After a lengthy discussion on Monday evening, the Guthrie Board of Education voted down the installation of a cornerstone and time capsule by the Grand Lodge for the newly built Charter Oak Elementary school.
The final agenda item of the evening called for a vote on whether to install a cornerstone (at no cost to the school district) by the Grand Lodge on the northeast corner of Charter Oak Elementary. A long-standing ceremony that Freemasons have done throughout the country for new schools, churches and public buildings.
State board member of the Freemasons and resident Bob Davis was the first of eight citizens to speak to the board. Davis said in Oklahoma, 905 cornerstones have been placed, including 372 schools.
A cornerstone can be seen at Jelsma Stadium, Guthrie Junior High and City Hall.
Cornerstones and their time capsules are a way to preserve the contemporary history of a building for its communications of the distant future (100 years).
“We conduct cornerstone ceremonies and we do that because we think it’s an important building. It’s a beautiful and meaningful ceremony that doesn’t relate to the fraternity of Freemasons. We are just the agent that does that. It’s all about your building and your history.”
Resident Steve Hannah spoke and informed the board Masonic organizations awarded $74,000 to Guthrie students last year, matched funds for the Guthrie Educational Foundation and allow free space to the school district at the Masonic Temple for school organizations (band, choir, FFA, etc.).
A public ceremony, along with students, was scheduled by the Lodge, but some school members, who were unaware of the cornerstone or ceremony, began questioning the event and cornerstone last week. The item was then placed on the board agenda to be heard.
School board member Janna Pierson, who is involved with the Lodge, was asked by board members why the item had not come before the board.
“I truly didn’t think it was something to come before the board at that time. It didn’t come to the board when we did it at Jelsma Stadium,” Pierson who has sat on the school board since 1992 said. “I honestly didn’t even think it was going to be an issue. Obviously, I was wrong. For that, I apologize.”
School board member Sharon Watts quickly claimed the board discussion was recommended by the Oklahoma State School Boards Association (OSSBA).
“The OSSBA strongly requested that we bring this before the full board. When its affixed to a school building it has to come before the full board,” Watts said.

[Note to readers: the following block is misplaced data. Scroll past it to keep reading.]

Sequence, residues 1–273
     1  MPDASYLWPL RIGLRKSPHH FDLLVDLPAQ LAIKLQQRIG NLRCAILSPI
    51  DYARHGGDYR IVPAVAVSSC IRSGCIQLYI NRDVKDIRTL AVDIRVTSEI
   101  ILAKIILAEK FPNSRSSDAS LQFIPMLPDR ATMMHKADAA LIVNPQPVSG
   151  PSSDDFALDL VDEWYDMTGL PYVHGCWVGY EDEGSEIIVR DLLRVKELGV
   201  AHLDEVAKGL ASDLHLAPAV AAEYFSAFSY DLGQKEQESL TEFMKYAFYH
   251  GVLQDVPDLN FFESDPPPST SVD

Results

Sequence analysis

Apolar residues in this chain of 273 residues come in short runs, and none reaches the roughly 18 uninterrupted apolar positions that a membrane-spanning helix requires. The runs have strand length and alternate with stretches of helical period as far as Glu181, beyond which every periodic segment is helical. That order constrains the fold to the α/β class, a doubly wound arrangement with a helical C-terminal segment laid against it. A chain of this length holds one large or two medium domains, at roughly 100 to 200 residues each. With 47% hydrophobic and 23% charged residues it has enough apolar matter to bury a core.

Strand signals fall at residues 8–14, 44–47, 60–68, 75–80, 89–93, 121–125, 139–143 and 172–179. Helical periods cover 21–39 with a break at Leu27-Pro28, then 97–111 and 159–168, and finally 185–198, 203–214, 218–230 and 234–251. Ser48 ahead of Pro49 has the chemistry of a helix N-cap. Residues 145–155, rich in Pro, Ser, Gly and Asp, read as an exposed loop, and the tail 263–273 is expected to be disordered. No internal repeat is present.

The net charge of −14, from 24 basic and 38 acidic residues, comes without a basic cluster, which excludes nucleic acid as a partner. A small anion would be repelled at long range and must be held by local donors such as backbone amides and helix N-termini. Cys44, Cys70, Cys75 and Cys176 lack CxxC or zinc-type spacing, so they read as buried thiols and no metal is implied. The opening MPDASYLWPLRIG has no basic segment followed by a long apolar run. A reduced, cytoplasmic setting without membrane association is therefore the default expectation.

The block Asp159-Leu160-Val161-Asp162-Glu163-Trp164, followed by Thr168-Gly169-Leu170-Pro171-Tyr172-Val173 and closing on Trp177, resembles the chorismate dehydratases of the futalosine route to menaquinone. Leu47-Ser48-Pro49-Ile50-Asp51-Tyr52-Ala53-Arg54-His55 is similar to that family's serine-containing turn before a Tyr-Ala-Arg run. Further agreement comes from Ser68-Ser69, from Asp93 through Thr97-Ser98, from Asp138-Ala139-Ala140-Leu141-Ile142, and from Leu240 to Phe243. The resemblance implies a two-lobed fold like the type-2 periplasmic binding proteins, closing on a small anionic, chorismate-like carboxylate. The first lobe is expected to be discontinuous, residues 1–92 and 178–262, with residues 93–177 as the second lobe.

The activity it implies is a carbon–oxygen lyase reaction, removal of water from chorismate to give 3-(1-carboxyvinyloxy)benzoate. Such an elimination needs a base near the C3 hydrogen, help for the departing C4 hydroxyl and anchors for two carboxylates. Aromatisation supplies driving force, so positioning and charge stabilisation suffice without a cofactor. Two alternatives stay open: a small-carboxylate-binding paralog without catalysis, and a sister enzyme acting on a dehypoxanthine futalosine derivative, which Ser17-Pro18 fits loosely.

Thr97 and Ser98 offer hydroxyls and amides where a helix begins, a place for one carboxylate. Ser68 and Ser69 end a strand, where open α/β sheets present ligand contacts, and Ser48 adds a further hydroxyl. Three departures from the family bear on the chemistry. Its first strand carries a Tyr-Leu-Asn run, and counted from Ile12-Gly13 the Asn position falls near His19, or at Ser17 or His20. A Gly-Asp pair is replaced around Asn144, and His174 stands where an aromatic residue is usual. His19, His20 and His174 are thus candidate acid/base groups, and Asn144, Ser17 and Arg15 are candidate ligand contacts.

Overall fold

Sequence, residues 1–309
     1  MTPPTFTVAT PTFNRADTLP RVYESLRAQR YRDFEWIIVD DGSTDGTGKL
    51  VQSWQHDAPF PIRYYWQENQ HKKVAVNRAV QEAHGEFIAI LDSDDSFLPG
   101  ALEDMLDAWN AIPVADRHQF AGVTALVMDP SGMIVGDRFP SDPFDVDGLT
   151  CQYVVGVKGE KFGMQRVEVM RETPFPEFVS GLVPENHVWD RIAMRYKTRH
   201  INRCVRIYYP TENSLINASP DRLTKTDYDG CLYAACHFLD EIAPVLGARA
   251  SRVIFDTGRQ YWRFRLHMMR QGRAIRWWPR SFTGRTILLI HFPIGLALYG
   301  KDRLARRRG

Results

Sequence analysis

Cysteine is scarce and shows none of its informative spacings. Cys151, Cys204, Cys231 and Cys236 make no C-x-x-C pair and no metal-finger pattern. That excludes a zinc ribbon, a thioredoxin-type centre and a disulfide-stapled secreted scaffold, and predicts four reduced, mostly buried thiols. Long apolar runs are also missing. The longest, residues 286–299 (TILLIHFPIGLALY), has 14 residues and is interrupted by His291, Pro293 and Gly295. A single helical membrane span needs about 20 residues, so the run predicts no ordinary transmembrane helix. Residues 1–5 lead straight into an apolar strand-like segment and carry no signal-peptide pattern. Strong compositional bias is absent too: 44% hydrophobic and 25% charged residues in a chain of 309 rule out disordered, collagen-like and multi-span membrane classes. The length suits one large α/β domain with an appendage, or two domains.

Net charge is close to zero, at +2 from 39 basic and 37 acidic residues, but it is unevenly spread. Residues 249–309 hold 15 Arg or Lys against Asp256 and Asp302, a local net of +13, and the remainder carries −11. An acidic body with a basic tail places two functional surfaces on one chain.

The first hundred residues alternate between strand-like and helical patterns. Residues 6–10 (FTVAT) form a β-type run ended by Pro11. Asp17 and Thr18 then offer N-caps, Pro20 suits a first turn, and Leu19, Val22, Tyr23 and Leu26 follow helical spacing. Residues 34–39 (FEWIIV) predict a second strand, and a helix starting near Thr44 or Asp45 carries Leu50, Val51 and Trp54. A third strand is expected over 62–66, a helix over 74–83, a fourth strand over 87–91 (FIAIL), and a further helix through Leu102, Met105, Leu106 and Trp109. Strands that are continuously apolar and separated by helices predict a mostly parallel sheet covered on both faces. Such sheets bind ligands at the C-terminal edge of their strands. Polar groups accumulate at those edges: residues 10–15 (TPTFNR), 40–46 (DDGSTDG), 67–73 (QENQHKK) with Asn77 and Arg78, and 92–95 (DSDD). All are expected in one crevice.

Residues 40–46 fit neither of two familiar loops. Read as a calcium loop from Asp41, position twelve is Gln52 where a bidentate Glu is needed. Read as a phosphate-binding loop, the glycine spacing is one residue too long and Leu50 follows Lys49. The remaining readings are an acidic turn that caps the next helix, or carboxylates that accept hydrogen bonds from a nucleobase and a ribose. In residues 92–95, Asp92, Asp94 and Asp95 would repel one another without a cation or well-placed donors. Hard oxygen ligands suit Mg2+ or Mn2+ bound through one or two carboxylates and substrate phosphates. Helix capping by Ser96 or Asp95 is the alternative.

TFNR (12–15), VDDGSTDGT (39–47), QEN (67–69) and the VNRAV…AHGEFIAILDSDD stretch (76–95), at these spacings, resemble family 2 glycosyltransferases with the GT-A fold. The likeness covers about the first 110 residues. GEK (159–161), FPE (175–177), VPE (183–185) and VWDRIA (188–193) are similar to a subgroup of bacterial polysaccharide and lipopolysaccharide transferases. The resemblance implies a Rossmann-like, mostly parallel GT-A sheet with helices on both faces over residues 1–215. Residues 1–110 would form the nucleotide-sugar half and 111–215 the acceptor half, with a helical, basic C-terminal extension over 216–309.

Board member Jennifer Bennett-Johnson said, “What about the other organizations that are contributing to the schools? I don’t want to take away from what the Masons have done. We are greatly appreciative of all the efforts. I guess my concern is where do the other organizations get recognized?
Pierson described other organizations that are recognized throughout the school district.
“If we don’t do one, we better start pulling everything from the schools until we have a policy.”
Board President Travis Sallee said he wanted to avoid a controversial issue that did not involve education policy.
“I intend to vote no tonight. Not because I think the Masonic Lodge is undeserving, but rather the Board of Education should avoid controversial issues that have nothing to do with education policy or our students.”
Watts said a yes vote could set a precedent.
“If we vote yay then we are setting a precedent that it’s okay for a group to put their emblem on a school building. How do we decide in the future if someone else comes forward? If someone comes next year and you say ‘no we don’t want them’ then you have risk of litigation.”
Board member Gina Davis had a different concern on the cornerstone.
“The problem I have with the cornerstone is that it was suggested by a non-member of your chapter,” Davis said. “You as a chapter never came forward with a formal request of permission for this to even be done. The Rainbow girls knew there was a ceremony before this board knew there was a ceremony, or that there was even a cornerstone. With that, I felt there was some procedure issues that were not followed. It’s hard for me to stand up for you because right now is the first time I’ve heard your chapter even wanting this.”
School board member and Freemason Terry Pennington says the whole situation was not handled correctly.
“I agree that this thing might not have been handled right, but I encourage the board to consider the men and women (in the audience) that are here tonight. If there was a mistake made I’ll offer an apology from me, my Lodge and every Mason in this room. We (school district) don’t have a policy, there was a mistake made, there’s an apology from me. Let’s fix it in the future. Let’s not hold up good men and women with good intentions because a mistake by one of us. This isn’t about us up here, and we are making this about us. It’s supposed to be about the kids.”
Board member Tina Smedley was the last to speak on the issue and said she is saddened with this scenario.
“This is not a good place for this board to be up here debating this. It’s a detriment to our district. We have such great things going on and we are fighting and arguing and bickering about a cornerstone from an organization that whole heartedly supports our district.”
Pierson made one last plea to the board.
“I ask that you please consider letting the kids do this. It’s an educational thing. If I’ve made a mistake, if the Mason’s made a mistake because we didn’t do before the board in the past. I’m saying you blame that on me, but don’t take this away this opportunity from these kids to enjoy that.”
Pierson, Pennington and Smedley each voted yes, while Bennett-Johnson, Davis, Watts and Sallee voted against the cornerstone.
No other discussion on the cornerstone was taken after the final 3-4 vote.